The rise of the “free economy” that Chris Anderson lauded in his book Free: The Future of a Radical Price (read Cory Doctorow’s astute review of the book’s arguments in the Guardian here) takes on an entirely different, and far less celebratory, meaning when applied to the work of artists, critics, curators, arts administrators and other low-paid (or no-paid) culture workers today. A newly launched newspaper called Art Work is attempting to lay bare hard truths about the flailing economy’s impact on cultural production. Finally, people are starting to talk about money, explicitly and on personal terms. Or at least, they’re trying to. Read more
September 24, 2009 · Print This Article
Kelly Crow with the Wall Street Journal kicks off the new Weekly full color arts coverage in WSJ magazine with â€œOut Size Artâ€ an article that explores the influence that the recession has on consumers desire to invest in large-scale art installation pieces. As buyers scale back, large pieces are the first to go asking are they more of a headache then a dramatic statement.
Further on Christopher’s post from this morning, here’s more info on the Art Institute layoffs, from the Chicago Tribune:
“The Art Institute of Chicago has laid off 22 employees, or 3 percent of its staff, as part of a larger series of cost-cutting measures.
Spokeswoman Erin Hogan said Friday that the cuts were made across the board and take effect immediately. Employees were notified Thursday.
“Of course we did everything we could to not go to this point,” Hogan said. “All departments have for months been reducing their operating budgets.”
Hogan added that new Modern Wing, which opened last month, “has been incredibly successful and it’s in part due to the success of the building that the cuts were not deeper.”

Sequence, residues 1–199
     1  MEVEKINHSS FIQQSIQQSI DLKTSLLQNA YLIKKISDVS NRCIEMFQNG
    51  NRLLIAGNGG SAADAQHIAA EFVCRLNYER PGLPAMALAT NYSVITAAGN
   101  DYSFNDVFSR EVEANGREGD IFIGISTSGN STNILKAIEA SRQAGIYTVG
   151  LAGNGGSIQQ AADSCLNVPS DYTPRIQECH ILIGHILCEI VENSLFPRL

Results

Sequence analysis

In a statement issued Friday, the Art Institute said its other cost-cutting measures include a voluntary 10 percent pay cut for the director, a weeklong unpaid furlough for employees and a salary freeze. Public research hours at the Ryerson and Burnham Libraries will also be reduced, the statement said.”
On this weeks roundup we check out the conservation of contemporary art, AFC’s recap of Venice and Basel, and most importantly cats getting stoned via boing boing. Hope everyone has a great weekend and maybe well see you at galleries tonight.
- Paddy Johnson’s recap of this years Art Basel and Venice Biennale. It didn’t sound like we missed much.
- Ed Winkleman’s post on starting a commercial art gallery in a poor economy.
- “Millennium Park’s tradition of dazzling and delayed public art goes on“
- Becky Smith is closing Bellweather in New York after 10 years.
- Art 21 has a great post by Richard McCoy about the the conservation of contemporary art.
- Turner Prize winner Steve McQueen will be showing his Deadpan in Times Square.
- Dieter Rams on Plural Blog
- “Judge Slams MoMA, Guggenheim on Secret Holocaust Art Agreement.” That doesn’t sound good.
- Offworld has a sneak peak at a follow up to my favorite Iphone game Rolando 2!!!
We just heard that The Art Institute of Chicago has laid of a good many of it’s employees today and there will be a town-hall tomorrow where other cost saving measures will be announced.
To those who lost their jobs today, be sure to thank Alderman Burke…..
On behalf of everyone at Bad at Sports we know very well what this is like and hope everyone lands on their feet as quickly as this economy will allow.